Gov. Andrew Cuomo’s health commissioner is expected to release a health report on hydraulic fracturing soon, at least according to a timetable announced in late February. But the Cuomo administration has already missed several deadlines on fracking.
On Tuesday, New York state officials announced another delay of their final decision on hydrofracking. The Department of Environmental Conservation will wait for a report on the health protections in its environmental review of fracking. Then the environmental review can be completed. The delay could be less than a month or it could be much longer. But one thing is clear - the delayed health review is now the key factor in deciding whether or not fracking will go ahead in New York.
New York’s Department of Environmental Conservation Commissioner Joe Martens suggested Monday that the state may miss a February 27 deadline to complete its proposed fracking regulations. And that could stall a decision on gas drilling for months.
For those on the pro-fracking side, the newest regulations are both a good sign and a troubling one. On the one hand, they're a light at the end of the tunnel, proof that permits for hydrofracking aren’t far off. But, on the other hand, fracking supporters say that the Department of Environmental Conservation has only answered the concerns of the anti-fracking lobby.
Hydrofracking could once again be delayed in New York, unless the state Health Commissioner is able to complete requirements to contract with outside health experts and conduct a health review by November 29.
New York state’s environmental commissioner for the first time commented in-depth about a new health review that has once again delayed a decision on whether to allow hydrofracking in the state. But Department of Environmental Conservation Commissioner Joe Martens says there are still some unanswered questions.
Governor Andrew Cuomo says he supports his administration’s internal health review on hydrofracking in New York, and he says it could even hasten the gas drilling process in the state, should fracking ultimately be approved.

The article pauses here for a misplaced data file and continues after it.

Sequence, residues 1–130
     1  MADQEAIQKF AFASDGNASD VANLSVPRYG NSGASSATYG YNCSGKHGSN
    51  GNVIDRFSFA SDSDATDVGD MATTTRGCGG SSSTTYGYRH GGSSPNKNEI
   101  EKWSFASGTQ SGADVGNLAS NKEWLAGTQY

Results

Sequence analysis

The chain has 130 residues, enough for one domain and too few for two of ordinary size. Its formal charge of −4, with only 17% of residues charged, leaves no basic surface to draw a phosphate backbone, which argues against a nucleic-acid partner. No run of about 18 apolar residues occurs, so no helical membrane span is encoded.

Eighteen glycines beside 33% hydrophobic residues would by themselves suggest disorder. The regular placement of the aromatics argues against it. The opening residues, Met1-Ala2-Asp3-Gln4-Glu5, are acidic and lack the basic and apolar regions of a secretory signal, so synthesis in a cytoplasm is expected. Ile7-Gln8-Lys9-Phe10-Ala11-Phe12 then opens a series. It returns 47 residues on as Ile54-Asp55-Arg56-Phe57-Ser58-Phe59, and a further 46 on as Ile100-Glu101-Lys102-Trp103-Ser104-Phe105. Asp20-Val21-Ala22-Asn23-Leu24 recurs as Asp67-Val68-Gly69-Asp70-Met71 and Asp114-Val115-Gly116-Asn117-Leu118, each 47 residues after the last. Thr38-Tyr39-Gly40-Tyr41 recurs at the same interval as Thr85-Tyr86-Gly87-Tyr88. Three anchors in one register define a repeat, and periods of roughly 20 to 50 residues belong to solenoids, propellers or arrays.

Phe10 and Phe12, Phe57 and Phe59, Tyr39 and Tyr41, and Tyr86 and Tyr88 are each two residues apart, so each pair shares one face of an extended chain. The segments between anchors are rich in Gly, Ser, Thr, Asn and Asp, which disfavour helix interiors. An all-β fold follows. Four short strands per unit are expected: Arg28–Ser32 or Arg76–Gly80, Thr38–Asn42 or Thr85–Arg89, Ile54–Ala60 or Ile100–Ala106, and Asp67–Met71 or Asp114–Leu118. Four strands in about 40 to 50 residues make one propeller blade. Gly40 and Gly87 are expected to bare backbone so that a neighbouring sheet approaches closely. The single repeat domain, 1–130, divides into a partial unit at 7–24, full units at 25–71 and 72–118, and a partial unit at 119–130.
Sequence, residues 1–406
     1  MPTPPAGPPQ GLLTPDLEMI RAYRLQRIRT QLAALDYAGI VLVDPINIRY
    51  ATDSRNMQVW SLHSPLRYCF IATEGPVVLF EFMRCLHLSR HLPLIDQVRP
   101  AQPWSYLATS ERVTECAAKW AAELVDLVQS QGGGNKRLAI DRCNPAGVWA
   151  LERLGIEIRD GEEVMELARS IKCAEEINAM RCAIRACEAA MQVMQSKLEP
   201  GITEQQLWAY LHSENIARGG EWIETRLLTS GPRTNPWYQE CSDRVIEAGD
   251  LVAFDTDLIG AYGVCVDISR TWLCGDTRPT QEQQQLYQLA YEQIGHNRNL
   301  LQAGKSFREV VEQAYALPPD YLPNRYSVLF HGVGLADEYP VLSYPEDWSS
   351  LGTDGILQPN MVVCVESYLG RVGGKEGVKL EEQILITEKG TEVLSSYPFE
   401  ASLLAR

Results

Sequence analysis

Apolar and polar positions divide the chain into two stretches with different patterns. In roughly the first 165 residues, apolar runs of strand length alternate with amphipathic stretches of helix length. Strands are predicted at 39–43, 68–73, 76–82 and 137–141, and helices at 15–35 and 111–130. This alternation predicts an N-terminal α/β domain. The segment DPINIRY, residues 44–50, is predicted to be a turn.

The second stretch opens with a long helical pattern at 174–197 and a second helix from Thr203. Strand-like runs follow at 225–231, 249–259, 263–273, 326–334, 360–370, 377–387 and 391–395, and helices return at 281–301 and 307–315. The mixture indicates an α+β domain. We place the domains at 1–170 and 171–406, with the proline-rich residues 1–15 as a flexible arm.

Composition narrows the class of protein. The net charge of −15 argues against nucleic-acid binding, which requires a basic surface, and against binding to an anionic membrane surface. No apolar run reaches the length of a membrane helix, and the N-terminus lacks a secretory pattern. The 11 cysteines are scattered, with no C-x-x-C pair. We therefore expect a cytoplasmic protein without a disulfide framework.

Governor Andrew Cuomo’s environmental commissioner announcement that he is rejecting calls for an independent health analysis of hydrofracking has left more questions than answers. Commissioner Joe Martens says he will conduct an internal health review instead.
Governor Andrew Cuomo’s environmental commissioner is rejecting calls by environmentalists for an independent health impact study on hydrofracking. But Environmental Commissioner Joe Martens, says the state’s health commissioner has agreed to conduct a review.
The state’s Environmental Commissioner said last week that the process to permit hydrofracking on some private lands in New York State may take longer than expected, and DEC Commissioner Joe Martens even cast doubt on whether permits would be issued in 2012 at all. Governor Cuomo says he’s willing to wait, if it leads to a rational decision making process on what’s become a highly emotional issue.
The state’s environmental agency says a key advisory panel will not be issuing a report on the impacts of hydrofracking by a November 1 deadline, delaying part of the process of allowing the natural gas drilling on some private lands in New York until early next year.
The State’s Environmental Commissioner Joe Martens, says the report from the advisory committee, will be not be issued next month as originally planned, partly because data on costs of fracking to other state agencies, including the departments of health and transportation, aren’t ready yet.